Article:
South East Wales

Plans to relaunch Cardiff Seafood Shack in doubt after dispute

Seafood Shack frontage Image copyright Degu Media

Plans to relaunch a restaurant accused of trading while insolvent have been thrown into doubt following a dispute between the proprietors and landlord.

Seafood Shack, on Cardiff's High Street, went into liquidation earlier this month with debts of more than £750,000, BBC Wales understands.

The business closed in December blaming a "malicious internal" cyber attack and the loss of its alcohol licence.

Majority shareholder Darryl Kavanagh has denied trading while insolvent.

Mr Kavanagh, formerly bankrupt with several failed companies and a restriction on holding directorships in Ireland, said he felt the company could have dealt with creditors and traded its way out of debt.

The restaurant opened in June 2017 and BBC Wales has established that it consulted insolvency practitioners as early as October.

It was announced on social media earlier this week that the Seafood Shack would reopen under new management.

Image caption Darryl Kavanagh set up the Seafood Shack restaurant on Cardiff's High Street last year

A notice in the window of the restaurant invited people to apply for jobs there and the restaurant's Facebook page is inviting bookings via its online system once again.

The announcement of the reopening coincided with a meeting of creditors of the company, who BBC Wales understands are owed about £800,000.

A former employee of the restaurant, who said they are owed several thousand pounds, described the plan to reopen as "absolutely outrageous, a sorry state of affairs and says a lot about the laws around businesses".

Darryl Kavanagh said he was not involved in reopening the restaurant.

"This happens… companies going into liquidation and people buy them and trade again," he said.

Mr Kavanagh reiterated that he was opposed to the company going into liquidation.

"I always wanted and stated to the other directors that I felt the company could have dealt with creditors and traded its way out of debt," he added.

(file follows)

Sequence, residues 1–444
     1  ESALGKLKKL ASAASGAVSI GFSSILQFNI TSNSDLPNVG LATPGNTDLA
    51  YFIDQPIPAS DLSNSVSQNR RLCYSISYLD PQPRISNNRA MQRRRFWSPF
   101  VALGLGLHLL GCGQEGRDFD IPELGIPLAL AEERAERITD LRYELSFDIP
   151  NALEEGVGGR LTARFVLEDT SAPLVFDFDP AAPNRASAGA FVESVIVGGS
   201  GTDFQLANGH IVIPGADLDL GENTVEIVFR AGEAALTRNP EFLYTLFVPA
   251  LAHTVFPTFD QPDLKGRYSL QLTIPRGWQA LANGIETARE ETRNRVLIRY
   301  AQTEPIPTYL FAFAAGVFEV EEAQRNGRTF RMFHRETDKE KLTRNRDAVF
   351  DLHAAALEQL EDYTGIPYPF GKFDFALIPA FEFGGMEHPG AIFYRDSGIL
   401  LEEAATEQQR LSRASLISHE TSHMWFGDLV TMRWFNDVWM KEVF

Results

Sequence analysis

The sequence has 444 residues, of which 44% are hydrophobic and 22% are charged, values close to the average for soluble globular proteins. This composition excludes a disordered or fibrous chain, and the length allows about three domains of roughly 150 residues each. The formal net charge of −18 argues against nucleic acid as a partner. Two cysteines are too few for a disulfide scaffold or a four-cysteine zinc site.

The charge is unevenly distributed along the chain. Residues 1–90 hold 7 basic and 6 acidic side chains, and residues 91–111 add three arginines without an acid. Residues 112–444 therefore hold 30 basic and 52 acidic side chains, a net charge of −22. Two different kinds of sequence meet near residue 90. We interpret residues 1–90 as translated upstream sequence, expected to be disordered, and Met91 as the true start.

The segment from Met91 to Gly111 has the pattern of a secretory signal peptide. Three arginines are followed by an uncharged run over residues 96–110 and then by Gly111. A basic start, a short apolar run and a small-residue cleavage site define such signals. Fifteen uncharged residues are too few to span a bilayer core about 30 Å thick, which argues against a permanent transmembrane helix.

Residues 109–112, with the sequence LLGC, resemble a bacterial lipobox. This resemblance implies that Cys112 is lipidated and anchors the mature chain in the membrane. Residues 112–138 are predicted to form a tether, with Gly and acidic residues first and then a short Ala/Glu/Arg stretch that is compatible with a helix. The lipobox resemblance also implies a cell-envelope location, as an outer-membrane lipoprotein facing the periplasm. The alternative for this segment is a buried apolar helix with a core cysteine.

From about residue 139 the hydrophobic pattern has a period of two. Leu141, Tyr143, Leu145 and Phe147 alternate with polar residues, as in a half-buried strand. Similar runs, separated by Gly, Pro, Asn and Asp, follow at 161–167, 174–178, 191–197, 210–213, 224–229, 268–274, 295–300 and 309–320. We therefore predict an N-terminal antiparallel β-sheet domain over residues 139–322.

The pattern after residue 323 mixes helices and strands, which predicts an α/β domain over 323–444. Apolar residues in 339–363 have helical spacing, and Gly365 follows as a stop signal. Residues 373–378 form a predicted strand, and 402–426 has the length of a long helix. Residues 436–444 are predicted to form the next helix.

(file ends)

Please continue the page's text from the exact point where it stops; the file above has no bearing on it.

A spokesman for Cardiff Council confirmed an application had been received to transfer the Seafood Shack's alcohol licence to another company, Muldoon's Bar and Restaurant Cardiff Limited.

The company, which was set up on 10 January, has a single director - Diana Ellis - who is the former health and safety advisor to the restaurant and a close associate of Darryl Kavanagh.

Muldoon's is the name of one of Mr Kavanagh's former businesses in Ireland.

BBC Wales understands that the landlord of the premises in High Street took action to secure them on Tuesday night in connection with a dispute over rent and insurance payments for the building.

It is believed Mr Kavanagh and Ms Ellis re-entered the building via Crane's music shop next-door on Wednesday morning, but were subsequently reported to police.

Photographs of a police van parked outside the restaurant were posted on social media.

South Wales Police said: "We were called there following reports of a possible intruder in the building.

"We determined it's a civil matter between tenant and landlord and have no further involvement."

Mr Kavanagh told BBC Wales he could not comment on the matter "due to litigation".

BBC Wales has invited Diana Ellis to comment and is awaiting a response.

A police investigation into the alleged cyber attack is ongoing.

More on this story